Nevada wants school kids to read at a standardized level by third grade.
The argument for that is if a student can read comfortably by 9, it sets them up for academic success later on.
But many of these early learners are behind.
In March, Clark County School District Superintendent Jesus Jara announced a worrisome statistic. He said two out of three children aren’t proficient readers by third grade.
It caught a lot of people off guard. Read by third grade was enacted by the Nevada Legislature in 2015.
Has the pandemic been the issue? What can the state do to turn it around?
Jonathan Moore is the deputy superintendent for student achievement for the Nevada Department of Education. He said the pandemic affected students’ learning overall, especially while schools were closed.
“When we think about reading, it's important for us, especially at the earliest levels, to think about the progression on a continuum,” Moore said.
“Essentially, if we start paying attention to literacy, by second first or even kinder, it actually is too late. We need to actually be taking a look at our youngest learners along a birth through third grade continuum, meaning from the moment that they're babies.”
For younger students, literacy has always been challenging, he said. All demographics were affected, but he said Black and Hispanic children, those from low-income backgrounds and students with disabilities fell the farthest behind.
Despite that, he said the read by third grade effort has Nevada on trend with other states. A student who the state considers proficient in reading will score at level or higher on a summative assessment in the spring of their third grade year.
If a student isn’t proficient, they aren’t held back. Moore said students and their parents are supported to move the student forward and close the gap.
“Instructional materials for students and educators are approved by the Nevada State Board of Education after a review by our state's content panel for each content area, in this case, literacy,” Moore said. “And from there, our school districts can select from the state-adopted list for use in their schools. With this approach, there is alignment in the curriculum being delivered to students … But also, each district can make the determination on what is the best fit for their school and their communities.”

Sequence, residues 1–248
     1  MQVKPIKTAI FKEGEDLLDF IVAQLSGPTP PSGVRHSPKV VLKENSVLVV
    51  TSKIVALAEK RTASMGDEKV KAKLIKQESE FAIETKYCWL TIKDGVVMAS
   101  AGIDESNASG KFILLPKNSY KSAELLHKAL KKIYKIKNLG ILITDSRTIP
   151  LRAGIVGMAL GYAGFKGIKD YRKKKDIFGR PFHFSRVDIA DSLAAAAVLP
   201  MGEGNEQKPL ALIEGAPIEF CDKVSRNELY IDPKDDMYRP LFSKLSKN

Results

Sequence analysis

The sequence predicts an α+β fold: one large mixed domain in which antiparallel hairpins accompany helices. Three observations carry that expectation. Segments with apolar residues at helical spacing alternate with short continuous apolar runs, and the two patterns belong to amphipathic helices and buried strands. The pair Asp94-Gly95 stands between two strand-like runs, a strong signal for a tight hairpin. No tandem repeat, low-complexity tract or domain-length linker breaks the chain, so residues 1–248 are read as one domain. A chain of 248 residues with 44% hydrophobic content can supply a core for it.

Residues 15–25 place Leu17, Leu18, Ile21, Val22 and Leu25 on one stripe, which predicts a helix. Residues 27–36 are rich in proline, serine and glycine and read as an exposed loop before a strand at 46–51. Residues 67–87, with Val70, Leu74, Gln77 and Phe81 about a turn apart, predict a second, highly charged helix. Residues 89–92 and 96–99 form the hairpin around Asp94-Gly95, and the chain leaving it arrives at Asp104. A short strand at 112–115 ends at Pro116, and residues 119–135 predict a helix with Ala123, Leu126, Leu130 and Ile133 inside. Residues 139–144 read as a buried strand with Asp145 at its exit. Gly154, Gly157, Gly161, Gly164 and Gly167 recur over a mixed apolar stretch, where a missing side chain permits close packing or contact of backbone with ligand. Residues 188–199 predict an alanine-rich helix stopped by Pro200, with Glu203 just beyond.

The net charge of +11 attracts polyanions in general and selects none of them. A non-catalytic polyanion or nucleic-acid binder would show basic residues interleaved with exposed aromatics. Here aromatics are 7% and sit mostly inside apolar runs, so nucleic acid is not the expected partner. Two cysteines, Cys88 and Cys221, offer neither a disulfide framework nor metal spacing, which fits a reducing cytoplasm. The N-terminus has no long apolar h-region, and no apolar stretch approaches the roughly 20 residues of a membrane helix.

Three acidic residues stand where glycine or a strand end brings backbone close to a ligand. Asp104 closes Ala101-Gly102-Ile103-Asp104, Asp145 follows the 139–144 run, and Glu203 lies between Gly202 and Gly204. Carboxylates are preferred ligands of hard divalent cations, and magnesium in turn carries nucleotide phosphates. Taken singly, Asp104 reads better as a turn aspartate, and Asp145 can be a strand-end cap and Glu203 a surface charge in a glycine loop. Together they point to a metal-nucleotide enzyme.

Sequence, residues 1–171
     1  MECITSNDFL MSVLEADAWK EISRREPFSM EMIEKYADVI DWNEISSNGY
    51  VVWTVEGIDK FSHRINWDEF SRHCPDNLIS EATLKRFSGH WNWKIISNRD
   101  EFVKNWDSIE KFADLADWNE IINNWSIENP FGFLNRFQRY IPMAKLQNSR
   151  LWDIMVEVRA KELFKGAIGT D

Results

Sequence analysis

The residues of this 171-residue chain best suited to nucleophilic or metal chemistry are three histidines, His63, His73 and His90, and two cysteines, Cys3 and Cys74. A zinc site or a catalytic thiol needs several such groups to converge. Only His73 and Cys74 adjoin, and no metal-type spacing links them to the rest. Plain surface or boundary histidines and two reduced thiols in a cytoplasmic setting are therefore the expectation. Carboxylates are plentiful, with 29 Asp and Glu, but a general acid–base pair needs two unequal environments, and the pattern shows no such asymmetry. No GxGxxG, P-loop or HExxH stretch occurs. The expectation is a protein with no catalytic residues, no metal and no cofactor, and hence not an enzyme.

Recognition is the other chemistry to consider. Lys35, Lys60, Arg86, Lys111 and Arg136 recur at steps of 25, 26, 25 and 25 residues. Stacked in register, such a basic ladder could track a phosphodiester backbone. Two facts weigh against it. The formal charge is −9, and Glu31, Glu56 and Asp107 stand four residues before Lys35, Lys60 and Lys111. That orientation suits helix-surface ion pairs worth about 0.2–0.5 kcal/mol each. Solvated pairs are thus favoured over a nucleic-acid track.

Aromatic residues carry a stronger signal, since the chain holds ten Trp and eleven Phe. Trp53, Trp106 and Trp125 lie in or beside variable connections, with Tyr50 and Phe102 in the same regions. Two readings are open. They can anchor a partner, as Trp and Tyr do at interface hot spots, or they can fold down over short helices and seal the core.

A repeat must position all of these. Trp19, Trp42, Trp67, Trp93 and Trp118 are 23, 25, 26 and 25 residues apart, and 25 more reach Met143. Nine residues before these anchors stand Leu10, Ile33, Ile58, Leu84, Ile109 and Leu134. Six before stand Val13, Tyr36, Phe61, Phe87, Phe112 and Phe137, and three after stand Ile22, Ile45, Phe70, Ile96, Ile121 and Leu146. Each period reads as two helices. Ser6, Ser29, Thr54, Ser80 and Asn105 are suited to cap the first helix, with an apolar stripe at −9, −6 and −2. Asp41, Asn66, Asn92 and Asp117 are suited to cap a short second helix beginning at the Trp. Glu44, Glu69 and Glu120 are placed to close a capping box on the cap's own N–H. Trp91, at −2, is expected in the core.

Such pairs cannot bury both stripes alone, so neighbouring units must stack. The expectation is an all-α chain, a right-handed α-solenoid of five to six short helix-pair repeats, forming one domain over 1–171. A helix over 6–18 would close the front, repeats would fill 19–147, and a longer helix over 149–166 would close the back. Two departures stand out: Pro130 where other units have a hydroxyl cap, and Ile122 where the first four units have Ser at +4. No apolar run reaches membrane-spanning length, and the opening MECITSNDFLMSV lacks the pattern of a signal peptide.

Is your kid falling behind in reading? He encouraged parents and family members to build reading into their daily home life. Research indicates that 20 minutes of reading daily can have a “tremendous impact” on their ability to build on literacy skills.
Andrea Cole works as a private tutor and reading intervention group teacher.
“You just see that some kids aren't able to really make sense of the text, whether they're not able to connect those letter and sound combinations to make sense of the words that they're reading. So those gaps might be kind of more phonemic awareness or rhyming or they're not able to read some of the vowel combinations,” she said.
She said if a student is struggling to read, it’s likely affecting their other studies.
“I think especially the older the kid, the more frustrated they are,” she said. “When a child is having difficulty with that, it can be really hard on them.”
Cole said a lot of teachers are doing progress monitoring this year, looking at each student and trying to figure out where they need to be. “You've got some kids that are, you know, like in a first grade classroom, you might have kids that are reading a chapter book, and you might have kids that are still working on their letter sounds.”
In addition to reading to your young children, she suggested having them listen to audio books.
“Just keeping it positive and fun.”
Jonathan Moore, deputy superintendent for student achievement, Nevada Department of Education; Andrea Cole, private tutor, reading intervention group teacher